20. Hansen, Bruce E., 2000. "Testing for structural change in conditional models," Journal of Econometrics, Elsevier, vol. 97(1), pages 93-115, July.
    21. Kleibergen, Frank & Mavroeidis, Sophocles, 2009. "Weak Instrument Robust Tests in GMM and the New Keynesian Phillips Curve," Journal of Business & Economic Statistics, American Statistical Association, vol. 27(3), pages 293-311.
    22. Eric Zivot & Saraswata Chaudhuri, 2009. "A Comment on Weak Instrument Robust Tests in GMM and the New Keynesian Phillips Curve," Working Papers UWEC-2008-23-P, University of Washington, Department of Economics.
    23. Pierre Perron, 2005. "Dealing with Structural Breaks," Boston University - Department of Economics - Working Papers Series WP2005-017, Boston University - Department of Economics.
    Full references (including those not matched with items on IDEAS)

    Citations

    Citations are extracted by the CitEc Project, subscribe to its RSS feed for this item.
    as


    Cited by:

    1. Canova, Fabio & Ferroni, Filippo & Matthes, Christian, 2015. "Approximating Time Varying Structural Models With Time Invariant Structures," Working Paper 15-10, Federal Reserve Bank of Richmond.
    2. Lütkepohl, Helmut & Netšunajev, Aleksei, 2017. "Structural vector autoregressions with heteroskedasticity: A review of different volatility models," Econometrics and Statistics, Elsevier, vol. 1(C), pages 2-18.
    3. Sophocles Mavroeidis & Mikkel Plagborg-Møller & James H. Stock, 2014. "Empirical Evidence on Inflation Expectations in the New Keynesian Phillips Curve," Journal of Economic Literature, American Economic Association, vol. 52(1), pages 124-188, March.
    4. Bertille Antoine & Otilia, 2015. "Inference in linear models with structural changes and mixed identification strength," Discussion Papers dp15-05, Department of Economics, Simon Fraser University.
    5. Angelini, Giovanni & Bacchiocchi, Emanuele & Caggiano, Giovanni & Fanelli, Luca, 2017. "Uncertainty across volatility regimes," Research Discussion Papers 35/2017, Bank of Finland.
    6. Rothfelder, Mario & Boldea, Otilia, 2016. "Testing for a Threshold in Models with Endogenous Regressors," Discussion Paper 2016-029, Tilburg University, Center for Economic Research.
    7. Emanuele BACCHIOCCHI & Luca FANELLI, 2012. "Identification in structural vector autoregressive models with structural changes," Departmental Working Papers 2012-16, Department of Economics, Management and Quantitative Methods at Università degli Studi di Milano.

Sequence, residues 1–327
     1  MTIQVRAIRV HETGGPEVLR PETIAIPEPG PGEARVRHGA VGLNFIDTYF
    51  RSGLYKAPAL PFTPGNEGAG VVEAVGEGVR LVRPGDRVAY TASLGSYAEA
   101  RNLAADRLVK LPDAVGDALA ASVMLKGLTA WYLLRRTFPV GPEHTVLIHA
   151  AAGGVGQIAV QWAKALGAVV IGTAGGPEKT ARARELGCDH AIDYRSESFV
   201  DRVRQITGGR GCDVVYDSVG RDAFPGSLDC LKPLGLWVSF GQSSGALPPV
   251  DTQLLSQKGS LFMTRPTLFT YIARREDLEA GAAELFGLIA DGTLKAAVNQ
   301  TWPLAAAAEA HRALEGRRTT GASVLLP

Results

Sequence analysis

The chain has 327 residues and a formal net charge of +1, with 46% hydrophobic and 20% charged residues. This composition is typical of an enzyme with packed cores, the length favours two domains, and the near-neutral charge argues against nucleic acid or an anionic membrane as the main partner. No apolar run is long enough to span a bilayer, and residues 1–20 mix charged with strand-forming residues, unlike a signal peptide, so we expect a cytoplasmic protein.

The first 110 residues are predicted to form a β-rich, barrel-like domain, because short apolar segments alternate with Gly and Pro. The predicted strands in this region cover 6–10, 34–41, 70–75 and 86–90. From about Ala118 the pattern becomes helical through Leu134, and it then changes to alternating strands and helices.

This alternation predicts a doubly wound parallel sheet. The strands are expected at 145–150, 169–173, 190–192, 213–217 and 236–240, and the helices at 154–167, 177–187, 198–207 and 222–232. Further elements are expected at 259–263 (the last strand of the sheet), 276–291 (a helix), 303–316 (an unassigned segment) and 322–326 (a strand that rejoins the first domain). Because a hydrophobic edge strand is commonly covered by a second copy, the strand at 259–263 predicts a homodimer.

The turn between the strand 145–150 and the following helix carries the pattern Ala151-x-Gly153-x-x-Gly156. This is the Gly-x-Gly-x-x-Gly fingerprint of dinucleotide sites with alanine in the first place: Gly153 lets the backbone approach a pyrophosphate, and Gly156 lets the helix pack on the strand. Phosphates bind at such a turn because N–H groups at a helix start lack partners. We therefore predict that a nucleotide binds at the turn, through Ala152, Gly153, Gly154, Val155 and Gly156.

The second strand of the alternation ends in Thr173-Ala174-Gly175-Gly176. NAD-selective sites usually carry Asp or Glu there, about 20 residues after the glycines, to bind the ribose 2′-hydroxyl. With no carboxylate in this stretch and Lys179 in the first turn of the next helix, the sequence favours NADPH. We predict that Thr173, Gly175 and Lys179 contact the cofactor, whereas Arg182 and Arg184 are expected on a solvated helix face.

8. Nikolay Arefiev, 2014. "A Theory Of Data-Oriented Identification With A Svar Application," HSE Working papers WP BRP 79/EC/2014, National Research University Higher School of Economics.
    9. Bertille Antoine & Otilia Boldea, 2015. "Efficient Inference with Time-Varying Information and the New Keynesian Phillips Curve," Discussion Papers dp15-04, Department of Economics, Simon Fraser University, revised 25 Aug 2016.
    10. repec:eee:macchp:v2-415 is not listed on IDEAS
    11. repec:eee:econom:v:204:y:2018:i:2:p:268-300 is not listed on IDEAS
    12. Bertille Antoine & Otilia Boldea, 2014. "Efficient Inference with Time-Varying Identification Strength," Discussion Papers dp14-03, Department of Economics, Simon Fraser University.

    More about this item

    JEL classification:

    • C22 - Mathematical and Quantitative Methods - - Single Equation Models; Single Variables - - - Time-Series Models; Dynamic Quantile Regressions; Dynamic Treatment Effect Models; Diffusion Processes
    • E31 - Macroeconomics and Monetary Economics - - Prices, Business Fluctuations, and Cycles - - - Price Level; Inflation; Deflation

    Statistics

    Access and download statistics

    Corrections

    All material on this site has been provided by the respective publishers and authors. You can help correct errors and omissions. When requesting a correction, please mention this item's handle: RePEc:wly:emetrp:v:82:y:2014:i::p:1799-1851. See general information about how to correct material in RePEc.

    For technical questions regarding this item, or to correct its authors, title, abstract, bibliographic or download information, contact: (Wiley-Blackwell Digital Licensing) or (Christopher F. Baum). General contact details of provider: http://edirc.repec.org/data/essssea.html .

    If you have authored this item and are not yet registered with RePEc, we encourage you to do it here. This allows to link your profile to this item. It also allows you to accept potential citations to this item that we are uncertain about.

    If CitEc recognized a reference but did not link an item in RePEc to it, you can help with this form .

    If you know of missing items citing this one, you can help us creating those links by adding the relevant references in the same way as above, for each refering item. If you are a registered author of this item, you may also want to check the "citations" tab in your RePEc Author Service profile, as there may be some citations waiting for confirmation.

    Please note that corrections may take a couple of weeks to filter through the various RePEc services.

    IDEAS is a RePEc service hosted by the Research Division of the Federal Reserve Bank of St. Louis . RePEc uses bibliographic data supplied by the respective publishers.